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Jost Gippert: Our Featured Linguist!

"Buenos dias", "buenas noches" -- this was the first words in a foreign language I heard in my life, as a three-year old boy growing up in developing post-war Western Germany, where the first gastarbeiters had arrived from Spain. Fascinated by the strange sounds, I tried to get to know some more languages, the only opportunity being TV courses of English and French -- there was no foreign language education for pre-teen school children in Germany yet in those days. Read more



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What is English? And Why Should We Care?

By: Tim William Machan

To find some answers Tim Machan explores the language's present and past, and looks ahead to its futures among the one and a half billion people who speak it. His search is fascinating and important, for definitions of English have influenced education and law in many countries and helped shape the identities of those who live in them.


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Medical Writing in Early Modern English

Edited by Irma Taavitsainen and Paivi Pahta

This volume provides a new perspective on the evolution of the special language of medicine, based on the electronic corpus of Early Modern English Medical Texts, containing over two million words of medical writing from 1500 to 1700.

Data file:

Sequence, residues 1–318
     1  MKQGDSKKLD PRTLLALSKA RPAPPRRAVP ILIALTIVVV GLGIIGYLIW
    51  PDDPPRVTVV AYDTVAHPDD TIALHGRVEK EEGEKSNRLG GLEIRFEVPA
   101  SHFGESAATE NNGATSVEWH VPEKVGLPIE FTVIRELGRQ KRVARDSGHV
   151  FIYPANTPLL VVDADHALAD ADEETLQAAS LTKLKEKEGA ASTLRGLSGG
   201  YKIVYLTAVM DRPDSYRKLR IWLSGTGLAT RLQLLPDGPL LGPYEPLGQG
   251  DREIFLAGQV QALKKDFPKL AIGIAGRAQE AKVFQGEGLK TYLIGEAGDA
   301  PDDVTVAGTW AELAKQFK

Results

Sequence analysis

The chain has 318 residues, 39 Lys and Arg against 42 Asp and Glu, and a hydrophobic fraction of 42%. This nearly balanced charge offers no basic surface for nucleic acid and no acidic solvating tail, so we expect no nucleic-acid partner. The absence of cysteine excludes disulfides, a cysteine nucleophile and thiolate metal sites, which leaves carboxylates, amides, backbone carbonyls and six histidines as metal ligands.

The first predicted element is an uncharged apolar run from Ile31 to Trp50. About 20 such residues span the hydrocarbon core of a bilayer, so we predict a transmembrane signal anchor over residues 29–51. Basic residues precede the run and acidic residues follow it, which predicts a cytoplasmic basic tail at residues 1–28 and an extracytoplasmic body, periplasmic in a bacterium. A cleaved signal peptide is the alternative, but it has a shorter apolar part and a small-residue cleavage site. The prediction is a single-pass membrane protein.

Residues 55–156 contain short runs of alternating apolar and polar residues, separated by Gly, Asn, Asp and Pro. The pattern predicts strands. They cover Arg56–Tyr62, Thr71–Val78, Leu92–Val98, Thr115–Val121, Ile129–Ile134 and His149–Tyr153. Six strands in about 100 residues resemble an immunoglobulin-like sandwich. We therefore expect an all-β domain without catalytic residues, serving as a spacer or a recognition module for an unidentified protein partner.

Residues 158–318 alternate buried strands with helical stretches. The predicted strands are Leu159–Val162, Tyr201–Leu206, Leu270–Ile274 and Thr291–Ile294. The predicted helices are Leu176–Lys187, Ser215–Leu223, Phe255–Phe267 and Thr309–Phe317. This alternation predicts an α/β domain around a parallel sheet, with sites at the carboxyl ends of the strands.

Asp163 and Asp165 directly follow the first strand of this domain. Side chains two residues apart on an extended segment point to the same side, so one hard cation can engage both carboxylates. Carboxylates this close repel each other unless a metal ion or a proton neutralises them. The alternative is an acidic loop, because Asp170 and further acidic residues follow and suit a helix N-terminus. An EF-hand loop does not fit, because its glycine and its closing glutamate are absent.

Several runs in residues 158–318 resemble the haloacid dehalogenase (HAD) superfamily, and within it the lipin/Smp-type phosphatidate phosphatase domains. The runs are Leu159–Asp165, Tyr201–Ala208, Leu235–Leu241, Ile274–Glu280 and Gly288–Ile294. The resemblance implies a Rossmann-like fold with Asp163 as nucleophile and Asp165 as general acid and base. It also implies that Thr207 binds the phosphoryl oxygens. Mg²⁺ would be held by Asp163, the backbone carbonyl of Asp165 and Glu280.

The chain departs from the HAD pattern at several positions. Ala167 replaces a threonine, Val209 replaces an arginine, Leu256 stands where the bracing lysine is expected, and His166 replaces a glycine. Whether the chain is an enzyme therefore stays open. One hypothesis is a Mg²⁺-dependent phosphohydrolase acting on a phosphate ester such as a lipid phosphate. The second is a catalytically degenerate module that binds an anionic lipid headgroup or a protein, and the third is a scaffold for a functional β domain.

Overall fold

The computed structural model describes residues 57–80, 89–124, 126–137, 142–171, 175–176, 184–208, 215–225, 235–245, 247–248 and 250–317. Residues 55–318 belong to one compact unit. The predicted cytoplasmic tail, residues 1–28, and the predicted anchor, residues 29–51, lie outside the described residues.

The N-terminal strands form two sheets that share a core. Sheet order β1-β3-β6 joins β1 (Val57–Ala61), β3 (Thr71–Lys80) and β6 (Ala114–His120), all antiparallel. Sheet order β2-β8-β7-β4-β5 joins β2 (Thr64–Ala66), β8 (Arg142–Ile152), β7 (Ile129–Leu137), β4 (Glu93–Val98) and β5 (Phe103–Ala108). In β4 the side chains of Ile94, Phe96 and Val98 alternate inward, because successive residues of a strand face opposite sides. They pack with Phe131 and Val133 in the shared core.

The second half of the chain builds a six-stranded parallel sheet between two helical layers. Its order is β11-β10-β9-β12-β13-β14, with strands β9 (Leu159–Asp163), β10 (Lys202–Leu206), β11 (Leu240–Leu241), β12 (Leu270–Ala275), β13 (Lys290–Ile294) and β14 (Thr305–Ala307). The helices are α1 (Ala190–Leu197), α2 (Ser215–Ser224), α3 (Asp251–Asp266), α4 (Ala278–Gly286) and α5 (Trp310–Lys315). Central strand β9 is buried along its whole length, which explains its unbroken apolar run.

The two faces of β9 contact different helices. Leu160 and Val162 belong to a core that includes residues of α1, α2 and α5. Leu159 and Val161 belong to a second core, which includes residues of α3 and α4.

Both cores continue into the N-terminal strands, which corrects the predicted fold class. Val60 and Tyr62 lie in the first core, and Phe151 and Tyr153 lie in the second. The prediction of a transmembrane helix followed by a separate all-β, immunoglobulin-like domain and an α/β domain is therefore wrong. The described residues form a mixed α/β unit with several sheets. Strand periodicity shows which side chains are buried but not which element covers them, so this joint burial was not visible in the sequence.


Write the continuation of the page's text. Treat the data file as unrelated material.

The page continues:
Academic Paper


Title: New Paths in the Linguistic Anthropology of Oceania
Paper URL: http://arjournals.annualreviews.org/doi/abs/10.1146/annurev-anthro-091908-164438
Author: Matt Tomlinson
Email: click here to access email
Homepage: https://researchers.anu.edu.au/researchers/tomlinson-ma
Institution: Australian National University
Author: Miki Makihara
Email: click here to access email
Homepage: http://qcpages.qc.cuny.edu/ANTHRO/makihara/makihara.html
Institution: Queens College (CUNY)
Linguistic Field: Anthropological Linguistics; Sociolinguistics
Abstract: The linguistic anthropology of Oceania has seen vigorous and productive analysis of language ideologies, ritual performance, personhood, and agency. This article points to three related paths of inquiry that are especially promising. First, language ideologies are analyzed for the ways they shape expectations and interpretations of effective action and social identity. Second, processes of entextualization are examined with reference to Bible translation because Christianity is a dominant social force in contemporary Oceania. Third, prominent recent work on personhood and agency is reviewed, and scholars are urged to reconsider the classic Oceanic term mana in relation to changing understandings of power, including those wrought by religious transformations. These paths of inquiry are intertwined and cross-cutting and can lead to productive new understandings of ideologies and practices of stability and transformation.
Type: Individual Paper
Status: In Progress
Publication Info: Annual Review of Anthropology 38:17-31.
URL: http://arjournals.annualreviews.org/doi/abs/10.1146/annurev-anthro-091908-164438


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